Flowers make for wonderful photographic subjects. They generally hold still pretty well, are colorful and photograph beautifully. One challenge though is coming up with accurate color. Let's take a look at some ideas that will help.
Flowers are great subjects for photography. They're colorful, display beautiful shapes and are wonderfully translucent. They also keep relatively still (so long as it's not too windy) and generally don't bite or sting (although they do attract creepy-crawlies who do).
Still, there are several challenges facing photographers aiming for great flower shots. One of the most difficult to deal with is getting good color accuracy, particularly since some colors just don't photograph the same as they look in nature. There are several things you can do to help get the most accurate color. Let's look at a few.
Setting white balance
It's generally better to set your camera either to an appropriate white balance setting (other than auto white balance) or better yet, set a custom white balance, keeping in mind, if your lighting conditions change for any reason, you'll need to create another custom white balance. In creating your custom white balance, there are several different ways of doing it. The simplest is to keep either a white card or a gray card (giving your camera an 18% gray reference point works just as well as giving it a pure white reference point) in your camera bag. There are some more sophisticated choices on the market though if critical color is important to you.
Upstrap, a camera strap maker, also offers an 18% gray microfiber cleaning cloth that can be clipped to a camera bag. The cloth (see image gallery) can be used to clean lenses and also serve as a gray card when needed.
Using an Expodisc
One popular choice is the Expodisc, a white balance tool that fits over your lens and is used to set a custom white balance for the specific scene you're shooting. When you want the best color accuracy possible, creating a custom white balance is important. While it's possible to have someone hold a white card (or gray card) or even a white sheet of paper in front of the camera for you, a tool such as the Expodisc is much easier to use. Just place it on the camera, turn your back to your subject and take a properly exposed image of the light source. Then use the image as a custom white source for your camera's custom white balance control. The Expodisc isn't cheap ($75 to $105 or more depending on filter size chosen), but it's one of several very good choices the market offers. Rugged and well designed, it will hold up in your camera bag for a long time.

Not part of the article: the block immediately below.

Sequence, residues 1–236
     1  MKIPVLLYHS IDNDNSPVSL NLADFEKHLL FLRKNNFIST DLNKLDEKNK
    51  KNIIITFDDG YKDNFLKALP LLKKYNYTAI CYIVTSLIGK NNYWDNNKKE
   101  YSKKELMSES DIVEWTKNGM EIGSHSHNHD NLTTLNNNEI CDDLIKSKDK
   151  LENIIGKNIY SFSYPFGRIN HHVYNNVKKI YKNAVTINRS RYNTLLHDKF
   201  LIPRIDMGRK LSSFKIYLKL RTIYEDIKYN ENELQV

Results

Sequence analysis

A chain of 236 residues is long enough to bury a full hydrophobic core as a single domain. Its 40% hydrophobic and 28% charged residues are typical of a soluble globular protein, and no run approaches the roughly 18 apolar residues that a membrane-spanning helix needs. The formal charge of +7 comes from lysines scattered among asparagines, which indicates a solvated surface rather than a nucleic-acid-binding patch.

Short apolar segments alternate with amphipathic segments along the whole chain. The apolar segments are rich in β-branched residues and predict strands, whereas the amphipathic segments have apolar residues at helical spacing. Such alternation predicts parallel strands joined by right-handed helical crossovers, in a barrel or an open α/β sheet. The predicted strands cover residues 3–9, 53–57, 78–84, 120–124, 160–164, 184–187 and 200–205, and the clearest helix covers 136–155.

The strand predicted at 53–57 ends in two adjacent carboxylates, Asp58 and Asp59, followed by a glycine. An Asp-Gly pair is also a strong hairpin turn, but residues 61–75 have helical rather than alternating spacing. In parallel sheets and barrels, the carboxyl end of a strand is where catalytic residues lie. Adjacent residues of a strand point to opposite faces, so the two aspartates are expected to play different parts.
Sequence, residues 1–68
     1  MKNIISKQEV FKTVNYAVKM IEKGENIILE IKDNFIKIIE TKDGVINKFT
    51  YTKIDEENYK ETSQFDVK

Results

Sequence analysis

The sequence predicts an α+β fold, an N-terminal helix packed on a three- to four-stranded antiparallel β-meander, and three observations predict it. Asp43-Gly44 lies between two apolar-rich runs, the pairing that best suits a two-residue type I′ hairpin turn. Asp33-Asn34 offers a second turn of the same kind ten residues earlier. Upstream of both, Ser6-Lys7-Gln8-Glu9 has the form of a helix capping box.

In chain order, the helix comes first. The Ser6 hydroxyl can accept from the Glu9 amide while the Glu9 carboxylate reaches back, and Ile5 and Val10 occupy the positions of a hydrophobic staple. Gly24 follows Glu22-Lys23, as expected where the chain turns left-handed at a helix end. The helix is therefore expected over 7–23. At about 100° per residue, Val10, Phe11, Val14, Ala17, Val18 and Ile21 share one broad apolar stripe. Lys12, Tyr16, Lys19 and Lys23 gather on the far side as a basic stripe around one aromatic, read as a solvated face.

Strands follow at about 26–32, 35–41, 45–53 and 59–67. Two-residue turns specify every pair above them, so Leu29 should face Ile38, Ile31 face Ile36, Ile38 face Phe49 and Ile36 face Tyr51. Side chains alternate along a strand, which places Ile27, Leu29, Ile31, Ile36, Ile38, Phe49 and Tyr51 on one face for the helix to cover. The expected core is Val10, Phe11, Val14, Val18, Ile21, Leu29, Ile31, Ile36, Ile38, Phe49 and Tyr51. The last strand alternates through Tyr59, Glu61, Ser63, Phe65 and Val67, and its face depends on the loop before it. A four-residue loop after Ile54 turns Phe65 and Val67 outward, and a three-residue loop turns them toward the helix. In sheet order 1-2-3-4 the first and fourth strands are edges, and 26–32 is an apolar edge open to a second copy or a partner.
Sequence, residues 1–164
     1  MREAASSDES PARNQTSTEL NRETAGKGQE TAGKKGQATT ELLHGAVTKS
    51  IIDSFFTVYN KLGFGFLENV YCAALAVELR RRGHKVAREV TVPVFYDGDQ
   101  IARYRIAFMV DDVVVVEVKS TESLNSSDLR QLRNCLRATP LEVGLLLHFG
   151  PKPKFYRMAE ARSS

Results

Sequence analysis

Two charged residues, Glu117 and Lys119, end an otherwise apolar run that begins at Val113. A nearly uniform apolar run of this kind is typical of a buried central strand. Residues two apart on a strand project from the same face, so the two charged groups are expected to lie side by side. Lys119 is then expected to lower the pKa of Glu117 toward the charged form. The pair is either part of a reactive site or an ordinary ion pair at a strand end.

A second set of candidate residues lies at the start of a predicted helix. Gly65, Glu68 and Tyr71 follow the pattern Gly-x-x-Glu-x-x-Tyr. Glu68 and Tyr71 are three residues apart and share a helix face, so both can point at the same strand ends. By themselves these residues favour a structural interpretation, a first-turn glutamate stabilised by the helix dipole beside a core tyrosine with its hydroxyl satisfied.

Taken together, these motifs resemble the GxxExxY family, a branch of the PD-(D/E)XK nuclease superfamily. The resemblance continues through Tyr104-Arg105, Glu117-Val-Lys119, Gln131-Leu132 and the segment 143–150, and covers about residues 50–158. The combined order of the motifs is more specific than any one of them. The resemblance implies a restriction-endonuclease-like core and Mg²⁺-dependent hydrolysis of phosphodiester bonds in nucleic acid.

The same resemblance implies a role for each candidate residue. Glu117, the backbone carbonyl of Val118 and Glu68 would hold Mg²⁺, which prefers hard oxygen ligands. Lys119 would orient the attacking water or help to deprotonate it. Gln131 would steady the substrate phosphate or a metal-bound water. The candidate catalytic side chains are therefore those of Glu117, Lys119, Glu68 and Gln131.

Using a QPcard
If you're on a tighter budget or don't need critical color all that often, another good choice is the QPcard 201. At $24 for a two pack, this solution is certainly cheaper than the Expodisc and offers a different approach to very precise color. The QPcard 201 is placed in front of your subject, the camera is set to any white balance except auto white balance and the subject and card are properly exposed. (Make sure the card is large in the frame and not a speck in the distance.) The nice thing about this approach is that it offers a range of colors for the camera to record and special software to calibrate the image to those colors. Once you've created the reference image, you can then shoot away until the lighting changes (and you need to create a new reference shot). Back at the lab (or your home computer) you run the free software (Mac and PC versions are available) and it adjusts each image (via a batch processing function) to get the most accurate possible color. Keep in mind, that while a lot cheaper than the Expodisc, the QPcard 201 probably isn't as durable as the Expodisc. Still, if critical color accuracy is important to you, the QPcard 201 will do the job for you.
Shoot in RAW format
It's also a good idea to make sure your camera's set to shoot in RAW format. If you're not used to working with RAW files, it's something you should strongly consider. RAW files contain all the information the imaging sensor records while creating the image. RAW files actually give you the ability to reach back in time and change your camera's settings with no loss in image quality. You can change white balance settings after the fact and, for many cameras, even gain up to two f-stops of exposure compensation either way with minimal loss of quality. Many DSLRs give you the ability to simultaneously create a RAW file and a JPEG every time you trip the shutter. This is how I set up my cameras when I shoot. It uses memory faster (particularly with today's high resolution sensors) but memory cards have really come down in price the past few years. When the image quality is good, I can just work with the JPEG, but if I think it needs some work, I can always process the RAW file. (Actually, I just process the RAW file most of the time anyway, so I can get the best quality image.)
Longwood Gardens provided free admission for the photographer and model for the preparation of this article. The author would like to thank Longwood Gardens for the help and cooperation it has provided him whenever he has asked to shoot there.
Upstrap, Expodisc and Argraph (distributor of the QPcard) provided evaluation units of their products to the author of this article while he was writing the David Busch Quicksnap Guide to Photo Gear.